Four US Service Members Treated in Kenya After Terrorist Attack

Hannah Rogers
June 10, 2018

The U.S. troops were there to provide advice, assistance and aerial surveillance, the statement explained.

The last time an American soldier in Somalia was killed was 13 months ago, when a member of the Navy SEALs was killed in an attack by al Shabaab on USA and Somali forces.

This offensive took place in Jubaland, a common target for Somali forces, but one which the Somali government has little control over.

An American commando was killed Friday in an attack in southern Somalia that also wounded four U.S. military personnel along with a Somali soldier, officials said.

The statement does not identify the attackers but says a larger force of Somalian and Kenyan troops were in an operation against al-Shabab.

The Islamic militant group, al-Shabab, claimed responsibility for the attack friday that killed one USA service member and wounded four others.

The coalition force was conducting a "multi-day operation" to clear al-Shabaab, an Islamist militant group, from nearby villages. The attack marks the first known combat death of a United States service member in Africa since the October 4 ambush of U.S. and Nigerien forces which claimed the lives of four American troops and five Nigeriens.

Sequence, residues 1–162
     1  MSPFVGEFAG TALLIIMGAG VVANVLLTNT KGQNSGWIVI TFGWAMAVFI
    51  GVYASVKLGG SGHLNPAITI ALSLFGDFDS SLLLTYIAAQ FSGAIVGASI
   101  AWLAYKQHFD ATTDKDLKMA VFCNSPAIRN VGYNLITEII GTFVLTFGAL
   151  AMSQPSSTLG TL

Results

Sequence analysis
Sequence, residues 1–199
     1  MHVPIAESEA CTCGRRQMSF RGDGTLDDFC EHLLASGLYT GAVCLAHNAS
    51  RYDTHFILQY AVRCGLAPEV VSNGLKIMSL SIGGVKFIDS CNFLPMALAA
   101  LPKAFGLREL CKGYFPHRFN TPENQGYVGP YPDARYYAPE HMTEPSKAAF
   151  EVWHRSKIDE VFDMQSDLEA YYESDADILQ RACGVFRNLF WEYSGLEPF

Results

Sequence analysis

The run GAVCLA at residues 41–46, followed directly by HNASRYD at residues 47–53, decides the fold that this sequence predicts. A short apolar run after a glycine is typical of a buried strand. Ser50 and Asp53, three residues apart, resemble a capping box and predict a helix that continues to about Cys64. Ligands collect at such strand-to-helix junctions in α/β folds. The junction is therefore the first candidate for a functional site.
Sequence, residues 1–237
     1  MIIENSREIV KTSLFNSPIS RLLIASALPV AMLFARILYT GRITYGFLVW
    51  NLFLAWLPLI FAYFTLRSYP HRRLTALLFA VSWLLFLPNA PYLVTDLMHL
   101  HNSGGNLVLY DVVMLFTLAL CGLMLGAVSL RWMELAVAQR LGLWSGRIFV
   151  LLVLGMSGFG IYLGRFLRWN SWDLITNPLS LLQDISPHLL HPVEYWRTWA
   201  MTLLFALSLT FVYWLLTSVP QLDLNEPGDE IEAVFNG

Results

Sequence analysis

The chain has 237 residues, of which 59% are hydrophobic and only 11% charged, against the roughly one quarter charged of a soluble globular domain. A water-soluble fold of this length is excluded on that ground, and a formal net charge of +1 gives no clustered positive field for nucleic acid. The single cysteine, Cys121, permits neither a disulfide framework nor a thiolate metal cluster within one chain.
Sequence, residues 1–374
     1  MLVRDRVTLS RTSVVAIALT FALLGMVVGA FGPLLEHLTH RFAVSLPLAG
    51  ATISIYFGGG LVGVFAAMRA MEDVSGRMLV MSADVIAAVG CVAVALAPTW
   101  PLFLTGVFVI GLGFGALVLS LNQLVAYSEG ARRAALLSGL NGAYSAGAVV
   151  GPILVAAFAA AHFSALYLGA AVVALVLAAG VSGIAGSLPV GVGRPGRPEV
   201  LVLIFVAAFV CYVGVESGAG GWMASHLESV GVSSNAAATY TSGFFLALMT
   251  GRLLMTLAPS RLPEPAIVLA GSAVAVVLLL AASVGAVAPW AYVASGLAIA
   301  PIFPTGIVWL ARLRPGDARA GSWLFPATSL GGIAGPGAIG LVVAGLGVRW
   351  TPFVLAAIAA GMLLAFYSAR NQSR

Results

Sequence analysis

Al-Shabab, an al-Qaeda-linked armed group, is fighting to overthrow Somalia's central government and establish its own rule based on its interpretation of Islamic law in the Horn of Africa country. The last killing of a US service member in Somalia was in May 2017 during an operation about 40 miles (64 kilometers) west of Mogadishu.

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President Donald Trump shared his condolences in a Twitter message Friday evening. "Three U.S. service members and the one partner force wounded were medically evacuated to receive additional treatment".

The U.S. has about 1,000 special operations personnel in Africa.

The statement said the mission's objectives were to clear al-Shabaab from contested areas, liberate villages from al-Shabaab control, and establish a permanent outposts created to increase the span of Federal Government of Somalia security and governance. Earlier Friday, the U.S. Africa Command issued a statement in response to allegations that civilians had been killed in a May 9 operation, saying a "thorough review" found the allegations to be "not credible".

The US troops were on a training mission with local Somali and Kenyan forces when the attack occurred.

It was also a 3rd Special Forces Group team which was hit in Niger a year ago, an ambush which killed four American soldiers and led to a massive investigation by the Pentagon.

This is the second U.S. military member to be killed in Somalia since the 1993 Black Hawk down incident that resulted in the deaths of 18 American soldiers.

A USA military report on that incident publicized by the Pentagon last month without being fully released found that multiple individual and institutional failures left the US troops vulnerable to the ambush.

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